July 7, 2009

There was a tragedy in our area recently.  A little girl drowned while on a school outing to a local swimming pool.  There were more than enough lifeguards.  There was a system that was in place and being utilized, yet this little girl still died.  One of the lifeguards at the deep end of the pool went into the water to retrieve what he thought was a t-shirt, and brought up, not a shirt, but a little girl.  How did it happen?  Why was she in the deep end?  Why did no one see her struggle? 

We will never know.  What we do know is that everyone involved feels terribly about what happened to this little girl.

When I was young my family would send me off to camp every summer for a week or two.  Those camps were all located on lakes and there was always swim time.   Swimming in a lake is different than a pool because the water is not so clear.  Once you are under water, you can’t be seen easily, if at all.  The camps that I went to all used the “buddy system”.  In the buddy system, everyone has a partner.  You are supposed to stay with your partner at all times.  Periodically, there is a “buddy check” where you grab the hand of your buddy and raise it in the air.  It is an effective system of watching out for each other.  If the little girl who drowned, had a buddy, this tragedy might not have happened.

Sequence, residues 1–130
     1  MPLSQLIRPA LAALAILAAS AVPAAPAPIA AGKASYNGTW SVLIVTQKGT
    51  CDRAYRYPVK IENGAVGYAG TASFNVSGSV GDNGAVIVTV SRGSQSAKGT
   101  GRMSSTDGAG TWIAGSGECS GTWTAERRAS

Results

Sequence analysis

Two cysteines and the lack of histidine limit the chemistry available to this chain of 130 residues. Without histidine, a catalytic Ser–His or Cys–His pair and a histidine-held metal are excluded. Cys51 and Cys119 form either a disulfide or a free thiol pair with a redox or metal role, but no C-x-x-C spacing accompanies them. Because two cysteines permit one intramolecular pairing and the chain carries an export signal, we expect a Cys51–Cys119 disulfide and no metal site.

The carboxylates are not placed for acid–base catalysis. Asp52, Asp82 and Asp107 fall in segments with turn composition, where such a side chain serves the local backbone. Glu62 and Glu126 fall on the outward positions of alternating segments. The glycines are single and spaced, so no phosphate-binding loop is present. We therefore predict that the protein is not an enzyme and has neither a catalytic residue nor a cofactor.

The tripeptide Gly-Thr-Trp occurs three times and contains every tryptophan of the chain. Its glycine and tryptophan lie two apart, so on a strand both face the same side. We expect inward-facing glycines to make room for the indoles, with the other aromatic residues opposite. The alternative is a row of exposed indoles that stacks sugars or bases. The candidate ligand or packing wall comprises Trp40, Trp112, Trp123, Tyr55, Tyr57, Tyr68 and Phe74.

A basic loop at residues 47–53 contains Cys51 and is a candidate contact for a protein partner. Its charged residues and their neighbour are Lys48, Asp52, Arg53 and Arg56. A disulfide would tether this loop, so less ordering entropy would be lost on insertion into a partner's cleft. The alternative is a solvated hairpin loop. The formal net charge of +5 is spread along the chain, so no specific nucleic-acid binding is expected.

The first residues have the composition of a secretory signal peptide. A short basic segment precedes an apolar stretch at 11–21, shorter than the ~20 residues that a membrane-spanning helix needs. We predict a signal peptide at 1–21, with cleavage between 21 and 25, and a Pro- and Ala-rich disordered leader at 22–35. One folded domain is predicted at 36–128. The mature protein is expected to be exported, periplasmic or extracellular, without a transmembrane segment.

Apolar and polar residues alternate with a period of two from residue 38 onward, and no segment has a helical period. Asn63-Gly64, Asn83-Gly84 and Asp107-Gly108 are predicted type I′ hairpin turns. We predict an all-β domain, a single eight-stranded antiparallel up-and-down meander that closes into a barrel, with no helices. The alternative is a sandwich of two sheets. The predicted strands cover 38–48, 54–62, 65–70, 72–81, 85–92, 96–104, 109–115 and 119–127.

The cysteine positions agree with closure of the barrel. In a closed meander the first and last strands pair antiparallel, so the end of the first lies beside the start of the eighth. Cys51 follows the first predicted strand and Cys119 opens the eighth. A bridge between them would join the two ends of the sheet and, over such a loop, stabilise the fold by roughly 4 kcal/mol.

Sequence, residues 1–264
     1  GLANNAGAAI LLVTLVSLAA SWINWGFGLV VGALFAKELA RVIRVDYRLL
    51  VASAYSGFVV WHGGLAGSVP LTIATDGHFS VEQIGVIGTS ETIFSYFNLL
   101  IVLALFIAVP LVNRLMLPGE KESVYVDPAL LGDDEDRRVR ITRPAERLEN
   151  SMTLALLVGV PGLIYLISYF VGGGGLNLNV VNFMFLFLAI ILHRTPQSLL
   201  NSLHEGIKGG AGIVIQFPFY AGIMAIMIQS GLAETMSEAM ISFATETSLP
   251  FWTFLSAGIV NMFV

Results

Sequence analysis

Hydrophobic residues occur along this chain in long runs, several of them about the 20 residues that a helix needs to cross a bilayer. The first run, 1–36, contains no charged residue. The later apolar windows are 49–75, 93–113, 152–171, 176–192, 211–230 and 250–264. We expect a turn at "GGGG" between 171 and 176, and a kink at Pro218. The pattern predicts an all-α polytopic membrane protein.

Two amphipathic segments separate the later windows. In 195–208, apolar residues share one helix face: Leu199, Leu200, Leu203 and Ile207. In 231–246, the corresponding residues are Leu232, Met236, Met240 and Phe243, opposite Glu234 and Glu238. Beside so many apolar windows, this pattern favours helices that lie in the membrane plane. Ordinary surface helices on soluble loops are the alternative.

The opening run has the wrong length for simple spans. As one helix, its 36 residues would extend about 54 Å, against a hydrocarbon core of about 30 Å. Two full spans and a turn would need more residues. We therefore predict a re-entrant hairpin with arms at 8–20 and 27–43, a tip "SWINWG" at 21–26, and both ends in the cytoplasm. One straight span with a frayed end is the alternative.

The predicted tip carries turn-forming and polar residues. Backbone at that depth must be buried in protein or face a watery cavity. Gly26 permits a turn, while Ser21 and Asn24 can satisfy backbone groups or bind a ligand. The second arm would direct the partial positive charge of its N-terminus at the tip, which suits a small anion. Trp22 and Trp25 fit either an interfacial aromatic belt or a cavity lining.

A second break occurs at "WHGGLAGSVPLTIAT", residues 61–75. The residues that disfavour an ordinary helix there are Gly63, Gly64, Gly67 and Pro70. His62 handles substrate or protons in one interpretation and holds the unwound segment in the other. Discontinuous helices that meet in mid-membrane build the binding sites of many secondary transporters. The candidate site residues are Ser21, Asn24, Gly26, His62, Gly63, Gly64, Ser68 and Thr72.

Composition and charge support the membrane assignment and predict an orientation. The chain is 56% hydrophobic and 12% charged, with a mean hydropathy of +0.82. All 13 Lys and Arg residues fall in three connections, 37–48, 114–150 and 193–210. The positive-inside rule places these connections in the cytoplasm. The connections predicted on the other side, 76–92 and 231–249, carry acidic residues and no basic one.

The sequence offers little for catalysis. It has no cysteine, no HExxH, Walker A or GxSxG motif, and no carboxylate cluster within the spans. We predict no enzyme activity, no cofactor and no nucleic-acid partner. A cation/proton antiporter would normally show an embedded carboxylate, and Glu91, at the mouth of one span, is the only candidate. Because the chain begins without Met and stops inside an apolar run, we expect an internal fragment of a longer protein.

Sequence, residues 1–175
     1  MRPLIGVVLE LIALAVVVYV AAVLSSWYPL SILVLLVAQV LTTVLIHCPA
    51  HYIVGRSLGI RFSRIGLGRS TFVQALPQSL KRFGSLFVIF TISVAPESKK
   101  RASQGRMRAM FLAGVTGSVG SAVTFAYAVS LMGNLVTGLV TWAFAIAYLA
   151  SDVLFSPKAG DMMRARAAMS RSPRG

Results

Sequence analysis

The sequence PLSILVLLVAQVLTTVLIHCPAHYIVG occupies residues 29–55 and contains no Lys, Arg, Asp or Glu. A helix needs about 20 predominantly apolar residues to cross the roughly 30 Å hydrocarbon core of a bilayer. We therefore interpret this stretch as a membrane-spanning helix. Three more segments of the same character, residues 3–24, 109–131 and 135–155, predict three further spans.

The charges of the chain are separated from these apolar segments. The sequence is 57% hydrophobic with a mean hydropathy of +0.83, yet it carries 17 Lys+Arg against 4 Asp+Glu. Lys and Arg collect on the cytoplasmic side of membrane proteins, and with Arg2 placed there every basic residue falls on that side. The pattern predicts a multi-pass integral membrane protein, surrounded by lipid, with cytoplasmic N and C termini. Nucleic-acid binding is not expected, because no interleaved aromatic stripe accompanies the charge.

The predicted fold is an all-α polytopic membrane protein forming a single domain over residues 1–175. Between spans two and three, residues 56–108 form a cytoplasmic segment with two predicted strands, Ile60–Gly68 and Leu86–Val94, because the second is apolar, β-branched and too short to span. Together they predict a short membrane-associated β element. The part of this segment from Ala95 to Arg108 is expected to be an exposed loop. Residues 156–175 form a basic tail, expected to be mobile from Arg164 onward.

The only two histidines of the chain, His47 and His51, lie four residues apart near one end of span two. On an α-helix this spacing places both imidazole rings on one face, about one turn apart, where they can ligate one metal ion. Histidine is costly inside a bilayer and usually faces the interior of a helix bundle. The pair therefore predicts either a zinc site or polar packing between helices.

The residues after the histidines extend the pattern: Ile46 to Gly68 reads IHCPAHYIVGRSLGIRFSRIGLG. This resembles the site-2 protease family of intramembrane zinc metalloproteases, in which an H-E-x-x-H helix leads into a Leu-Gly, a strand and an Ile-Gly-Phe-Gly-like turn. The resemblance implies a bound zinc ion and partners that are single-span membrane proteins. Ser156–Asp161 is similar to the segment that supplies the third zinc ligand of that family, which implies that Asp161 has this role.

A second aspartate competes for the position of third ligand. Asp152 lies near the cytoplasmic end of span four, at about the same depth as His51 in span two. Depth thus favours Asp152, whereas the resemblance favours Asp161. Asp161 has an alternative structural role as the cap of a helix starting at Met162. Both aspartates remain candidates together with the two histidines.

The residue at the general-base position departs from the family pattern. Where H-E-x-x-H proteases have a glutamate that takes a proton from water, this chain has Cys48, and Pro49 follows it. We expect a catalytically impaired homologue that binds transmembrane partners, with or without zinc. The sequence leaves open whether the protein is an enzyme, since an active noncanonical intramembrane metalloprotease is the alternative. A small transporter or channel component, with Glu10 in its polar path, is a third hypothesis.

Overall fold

This idea can be carried into the Christian life, and specifically, church life.  If all people in a church had at least one “buddy” who was watching out for them, perhaps fewer people would be lost to discouragement and doubt. 

We are not meant to be alone.  We are a part of a community of faith, the family of God.  We need to look out for each other.

A little consideration please…

July 2, 2009

While I was at summer church camp this year as a counselor there were a couple of things that I did, that were different from previous years.

I waited in line with the campers for meals.

In previous years the counselors helped serve the food.  We were told to help serve, then cut in line; or to cut in line, and then help serve.  Either way the camp director did not want us to wait in line.  He wanted us out and about.  This year the camp hired people to serve the meals, and there was no direction given about cutting in line, so I decided to wait in line with the campers.